Our health, safety, and well-being depend on how well we know the chemicals that surround us, and the development of new laser sources will now make it possible to identify chemicals with greater sensitivity.
From the Journal: APL Photonics
WASHINGTON, D.C., March 15, 2018 — Chemical compounds all carry distinctive absorption “fingerprints” within the mid-infrared spectral region of 2 to 12 microns. This offers an opportunity to measure and study chemicals at extremely sensitive levels but researchers lack the tools, like lasers and detectors, needed to operate within the mid-infrared. Recently, there’s been a push to develop new tools to help see and measure these chemical compounds in greater detail.
In a breakthrough, a group of researchers at the National Institute of Standards and Technology developed an on-silicon-chip laser source with outputs that consist of precisely defined and equally spaced optical lines within the mid-infrared spectral region. They report their findings in APL Photonics, from AIP Publishing.
These lasers, called frequency combs, “act as ‘rulers’ of light and have numerous applications — from transferring time standards and improving GPS signals to precision spectroscopy,” said Nima Nader, a postdoctoral researcher for NIST.
For spectroscopic applications, this type of coherent light source can pass through a sample cell containing unknown gases. These gases absorb some of the light and leave behind fingerprints on very specific comb lines. Researchers can check these lines against a database of gases to identify the specific chemicals present.
Beyond this, the coherent nature of the laser source “enables long-distance propagation of light so chemical samples can be studied remotely, without direct contact,” Nader said. “And since frequency combs are stabilized laser sources, they can detect very low levels of chemicals and enhance the sensitivity of our measurements.”
These sources are fabricated on a compact, silicon-based integrated photonics platform, which enables hundreds of devices — in this case, frequency combs — to be fabricated on a single small-area die.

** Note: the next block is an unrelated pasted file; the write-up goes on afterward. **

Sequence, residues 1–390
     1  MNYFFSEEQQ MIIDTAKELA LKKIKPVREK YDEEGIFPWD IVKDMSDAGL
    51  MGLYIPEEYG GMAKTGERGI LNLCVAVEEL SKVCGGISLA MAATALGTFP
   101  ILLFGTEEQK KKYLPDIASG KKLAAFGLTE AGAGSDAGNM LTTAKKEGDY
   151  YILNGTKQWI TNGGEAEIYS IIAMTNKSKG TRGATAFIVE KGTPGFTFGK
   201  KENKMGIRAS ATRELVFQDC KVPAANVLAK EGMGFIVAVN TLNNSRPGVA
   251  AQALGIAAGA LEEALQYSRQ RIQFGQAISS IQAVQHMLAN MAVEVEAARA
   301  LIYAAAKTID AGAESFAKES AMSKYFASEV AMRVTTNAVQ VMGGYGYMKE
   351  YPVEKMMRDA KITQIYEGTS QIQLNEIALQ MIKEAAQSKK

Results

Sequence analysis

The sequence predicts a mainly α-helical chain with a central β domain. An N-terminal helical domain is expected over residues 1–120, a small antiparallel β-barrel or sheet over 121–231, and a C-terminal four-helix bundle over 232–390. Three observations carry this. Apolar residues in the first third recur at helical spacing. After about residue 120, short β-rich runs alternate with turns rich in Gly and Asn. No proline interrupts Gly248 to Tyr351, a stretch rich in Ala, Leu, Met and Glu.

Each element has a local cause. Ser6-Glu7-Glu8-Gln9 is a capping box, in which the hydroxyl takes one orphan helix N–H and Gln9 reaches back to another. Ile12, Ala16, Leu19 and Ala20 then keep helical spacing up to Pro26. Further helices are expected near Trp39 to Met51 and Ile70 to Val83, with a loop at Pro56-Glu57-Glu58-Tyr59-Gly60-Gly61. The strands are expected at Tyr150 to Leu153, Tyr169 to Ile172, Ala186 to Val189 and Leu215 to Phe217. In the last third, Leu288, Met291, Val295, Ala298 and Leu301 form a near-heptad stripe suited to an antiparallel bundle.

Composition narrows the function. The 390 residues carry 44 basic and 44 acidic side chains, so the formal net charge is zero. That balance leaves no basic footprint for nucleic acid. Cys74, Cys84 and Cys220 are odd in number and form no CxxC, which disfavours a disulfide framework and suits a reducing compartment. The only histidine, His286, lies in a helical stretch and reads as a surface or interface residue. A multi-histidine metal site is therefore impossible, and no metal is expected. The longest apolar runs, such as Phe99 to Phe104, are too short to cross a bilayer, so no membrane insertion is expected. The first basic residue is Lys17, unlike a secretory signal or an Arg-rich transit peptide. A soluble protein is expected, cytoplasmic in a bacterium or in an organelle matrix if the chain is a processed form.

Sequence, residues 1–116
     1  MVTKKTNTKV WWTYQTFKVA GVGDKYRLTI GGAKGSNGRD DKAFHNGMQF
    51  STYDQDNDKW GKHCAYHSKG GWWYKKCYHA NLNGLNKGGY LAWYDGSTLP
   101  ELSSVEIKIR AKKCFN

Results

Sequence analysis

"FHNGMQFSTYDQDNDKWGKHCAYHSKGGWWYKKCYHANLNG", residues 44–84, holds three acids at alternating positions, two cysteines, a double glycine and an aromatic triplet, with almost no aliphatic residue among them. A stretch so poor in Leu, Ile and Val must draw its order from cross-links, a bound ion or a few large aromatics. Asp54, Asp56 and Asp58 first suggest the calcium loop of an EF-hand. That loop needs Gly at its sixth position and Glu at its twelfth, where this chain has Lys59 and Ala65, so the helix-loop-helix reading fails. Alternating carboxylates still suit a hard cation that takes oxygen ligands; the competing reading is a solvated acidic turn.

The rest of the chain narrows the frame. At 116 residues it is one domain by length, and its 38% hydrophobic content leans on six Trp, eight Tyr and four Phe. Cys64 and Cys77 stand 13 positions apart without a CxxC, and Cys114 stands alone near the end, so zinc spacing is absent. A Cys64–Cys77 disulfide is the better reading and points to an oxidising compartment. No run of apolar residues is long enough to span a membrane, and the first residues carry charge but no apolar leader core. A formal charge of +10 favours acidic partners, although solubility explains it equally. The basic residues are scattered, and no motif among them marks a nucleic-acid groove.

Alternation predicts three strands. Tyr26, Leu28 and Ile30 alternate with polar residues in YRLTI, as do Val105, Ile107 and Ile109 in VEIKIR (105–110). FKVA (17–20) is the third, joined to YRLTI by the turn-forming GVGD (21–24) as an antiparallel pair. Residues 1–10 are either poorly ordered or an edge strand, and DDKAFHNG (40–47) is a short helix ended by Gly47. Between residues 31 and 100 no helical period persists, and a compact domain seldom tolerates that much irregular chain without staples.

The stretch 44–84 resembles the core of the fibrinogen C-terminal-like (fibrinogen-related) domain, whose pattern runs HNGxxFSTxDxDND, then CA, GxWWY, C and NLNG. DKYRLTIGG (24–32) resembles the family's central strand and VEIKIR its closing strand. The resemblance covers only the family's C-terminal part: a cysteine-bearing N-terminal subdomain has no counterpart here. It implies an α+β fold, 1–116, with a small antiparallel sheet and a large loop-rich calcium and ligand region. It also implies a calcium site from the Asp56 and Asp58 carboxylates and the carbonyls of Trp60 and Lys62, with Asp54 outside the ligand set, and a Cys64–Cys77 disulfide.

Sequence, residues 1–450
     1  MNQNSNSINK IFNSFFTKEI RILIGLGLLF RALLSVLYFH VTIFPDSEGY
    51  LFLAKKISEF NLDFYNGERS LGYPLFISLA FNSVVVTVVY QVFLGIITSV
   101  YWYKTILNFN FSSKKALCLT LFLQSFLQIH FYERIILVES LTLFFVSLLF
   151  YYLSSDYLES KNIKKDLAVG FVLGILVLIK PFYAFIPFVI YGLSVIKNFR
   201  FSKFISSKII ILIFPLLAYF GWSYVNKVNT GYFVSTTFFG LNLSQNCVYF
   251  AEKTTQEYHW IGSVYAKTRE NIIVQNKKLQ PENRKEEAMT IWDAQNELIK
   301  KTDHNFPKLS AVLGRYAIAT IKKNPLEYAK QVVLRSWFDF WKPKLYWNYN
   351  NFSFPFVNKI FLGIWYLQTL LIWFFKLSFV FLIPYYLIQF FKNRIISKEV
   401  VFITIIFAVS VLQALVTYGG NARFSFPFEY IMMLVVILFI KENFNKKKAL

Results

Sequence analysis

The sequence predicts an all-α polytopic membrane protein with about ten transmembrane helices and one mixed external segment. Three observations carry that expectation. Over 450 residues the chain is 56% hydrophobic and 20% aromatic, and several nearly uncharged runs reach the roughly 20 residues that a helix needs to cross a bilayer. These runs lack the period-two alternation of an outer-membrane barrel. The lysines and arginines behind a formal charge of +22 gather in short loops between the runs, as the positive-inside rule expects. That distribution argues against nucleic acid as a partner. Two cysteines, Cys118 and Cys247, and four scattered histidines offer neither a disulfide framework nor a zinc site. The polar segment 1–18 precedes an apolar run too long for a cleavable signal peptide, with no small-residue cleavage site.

“Each device is engineered to generate a mid-infrared spectrum of comblike optical lines with tailored spectral shape, bandwidth, and optical power distribution,” Nader said.
These laser sources are “as coherent and low-noise as conventional frequency combs developed prior to our work,” Nader said. “We also reported, for the first time, dual-comb spectroscopy of a gas sample with a mid-infrared frequency comb source that exploits a silicon-photonic platform.”
These developments improve conventional techniques such as Fourier-transform-infrared spectroscopy. A practical, broadband, low-noise mid-infrared frequency comb with moderate power and engineered spectrum may improve the frequency precision, sensitivity, and data acquisition rates of mid-infrared spectroscopy.
“Our user-controlled and engineered multiband spectra are ideal for applications in which parallel multicomb operation is desired — such as point sensors for real-time in situ chemical synthesis monitoring, near-field microscopy, and remote sensing,” Nader said. “These sensors can significantly increase the detection sensitivity of tools and techniques such as breath analyzers, cancer detection, explosives tracking and detection, and drug synthesis monitoring.”
The next step is to push the optical bandwidth of NIST’s frequency combs to longer infrared wavelengths and higher optical powers. “We’re also working to reduce their footprint and power consumption to create compact systems with improved efficiency,” Nader said.
Nima Nader, Daniel L. Maser, Flavio Caldas da Crus, Abijith Kowligy, Henry Timmers, Jeffrey Chiles, Connor Fredrick, Daron A. Westly, Saw Woo Nam, Richard P. Mirin, Jeffrey M. Shainline, and Scott Diddams
National Institute of Standards and Technology